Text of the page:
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Everyday Engineering: Should Ice Be Cubed?by: Richard H. Moyer and Susan A. Everett

Journal ArticleDigital resources are stored online in your NSTA Library.

Everyday Engineering provides an inside look at the marvels of engineering in our everyday life. This article examines the different forms that ice cubes take and the different ways to examine them.

Grades
  • Middle

A selection from Science Scope—September 2012

  • Publication Date
    9/1/2012
  • Volume
    036
  • Issue
    01
  • ISSN
    Not Available
  • Pages
    8

Community ActivitySaved in 105 Libraries

Reviews (4)
  • on Mon Mar 10, 2014 8:58 PM

My middle school students enjoyed the investigation determining whether or not the shape of the ice affects the speed of melting and rate of cooling the glass of water. The lesson was engaging in that students hadn’t ever really thought about the shape of the cube making a difference. The bonus in the lesson was when they were able to explore the tray itself as a net. Many had experience with nets in their Math classes, but never really thought about where they occurred in the real world. As predicted, the students had a misconception around whether or not they were measuring the surface area or volume of the ice cube. In this lab, the volume is constant, while the surface area is changed. My students were able to calculate the volume of a rectangular prism, (LxWxH), but struggled with determining the surface area, A= 2(LxW) + 2(LxH) + 2(WxH). For many of my students, this was the first time they really thought about the difference between surface area and volume. This lab made the concepts come alive.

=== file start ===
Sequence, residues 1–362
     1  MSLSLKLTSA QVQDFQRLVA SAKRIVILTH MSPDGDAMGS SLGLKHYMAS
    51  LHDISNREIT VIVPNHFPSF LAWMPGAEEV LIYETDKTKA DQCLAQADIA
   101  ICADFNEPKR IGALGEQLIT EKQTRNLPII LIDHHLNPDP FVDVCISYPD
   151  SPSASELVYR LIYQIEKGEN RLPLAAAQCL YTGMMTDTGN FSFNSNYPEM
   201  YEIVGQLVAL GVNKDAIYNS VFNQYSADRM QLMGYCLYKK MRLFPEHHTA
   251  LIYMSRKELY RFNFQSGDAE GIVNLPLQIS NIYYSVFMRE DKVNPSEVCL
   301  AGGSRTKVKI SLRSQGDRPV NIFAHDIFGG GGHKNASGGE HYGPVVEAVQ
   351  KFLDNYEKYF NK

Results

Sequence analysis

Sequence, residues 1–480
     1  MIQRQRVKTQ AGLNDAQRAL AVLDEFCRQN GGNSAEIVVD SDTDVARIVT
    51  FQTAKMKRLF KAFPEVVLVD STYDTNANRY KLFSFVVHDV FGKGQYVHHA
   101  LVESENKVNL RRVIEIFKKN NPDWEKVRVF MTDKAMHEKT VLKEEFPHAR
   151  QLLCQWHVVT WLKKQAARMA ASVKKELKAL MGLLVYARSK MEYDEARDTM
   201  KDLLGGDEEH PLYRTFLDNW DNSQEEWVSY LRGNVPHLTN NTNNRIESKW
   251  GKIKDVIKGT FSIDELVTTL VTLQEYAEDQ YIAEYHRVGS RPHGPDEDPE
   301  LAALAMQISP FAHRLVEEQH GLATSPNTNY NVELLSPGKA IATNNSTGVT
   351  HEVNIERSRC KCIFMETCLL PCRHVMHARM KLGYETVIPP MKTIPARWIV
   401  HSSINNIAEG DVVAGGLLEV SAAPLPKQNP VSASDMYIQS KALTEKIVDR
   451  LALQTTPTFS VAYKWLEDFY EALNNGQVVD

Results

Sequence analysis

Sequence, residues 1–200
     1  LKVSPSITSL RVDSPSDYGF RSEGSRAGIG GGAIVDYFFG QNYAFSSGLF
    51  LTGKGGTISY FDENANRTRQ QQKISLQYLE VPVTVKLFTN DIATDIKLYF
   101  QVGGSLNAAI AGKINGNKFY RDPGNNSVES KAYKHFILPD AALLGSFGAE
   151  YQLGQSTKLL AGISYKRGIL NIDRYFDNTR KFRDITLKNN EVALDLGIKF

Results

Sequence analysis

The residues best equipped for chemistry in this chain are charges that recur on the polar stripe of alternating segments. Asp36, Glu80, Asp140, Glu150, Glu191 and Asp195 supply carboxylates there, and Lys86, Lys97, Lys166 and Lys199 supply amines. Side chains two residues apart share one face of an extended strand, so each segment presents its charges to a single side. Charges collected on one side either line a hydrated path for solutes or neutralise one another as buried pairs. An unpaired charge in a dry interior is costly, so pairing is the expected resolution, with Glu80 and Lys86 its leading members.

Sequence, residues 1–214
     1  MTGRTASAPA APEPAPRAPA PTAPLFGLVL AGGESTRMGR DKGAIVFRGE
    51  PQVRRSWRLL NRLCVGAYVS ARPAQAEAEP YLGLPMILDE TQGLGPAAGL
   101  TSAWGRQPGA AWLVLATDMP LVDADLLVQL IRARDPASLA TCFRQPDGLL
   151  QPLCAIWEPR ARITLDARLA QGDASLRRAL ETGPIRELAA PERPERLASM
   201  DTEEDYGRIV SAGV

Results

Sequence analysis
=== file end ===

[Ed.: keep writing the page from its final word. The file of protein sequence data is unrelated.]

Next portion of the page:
Sandy Gady  (Renton, WA)
Sandy Gady (Renton, WA)

  • on Thu Nov 29, 2012 8:25 PM

This article includes an investigation where students investigate different shapes of ice and how the shape affects speed of melting and the rate of cooling in a glass of water. In the investigation, they compare different shapes of ice with the same volume but different surface areas. I did this with my middle school students and was impressed with how difficult it was for my students to remember how to calculate surface area even though they had the concept in Math a mere month before. I really appreciated how they had the opportunity to apply Math in a real way to this lab for a concept they struggle with. Students were quite surprised by the results and there was a lot of rich discussion occurring throughout the lab, Students are begging for more labs “just like this one.”

Sandy Gady  (Renton, WA)
Sandy Gady (Renton, WA)

  • on Fri Aug 24, 2012 9:39 AM

The 5E lessons provided in this article explores the shape of an ice cube with its effect on speed of melting and the rate of cooling a glass of water. This article explores the history behind standard ice cube trays, and much more. All samples are the same volume with only the shape of the cube changing. This is a great STEM activity for students.

Adah  (San Antonio, TX)
Adah (San Antonio, TX)

  • on Thu Aug 23, 2012 11:28 AM

This is a simple, yet elegant experiment that involves all areas of STEM. By comparing ice cubes of the same volume, yet different surface area, students experience engineering design principles along with science investigation. A 5E lesson plan is included.

Betty Paulsell  (Kansas City, MO)
Betty Paulsell (Kansas City, MO)


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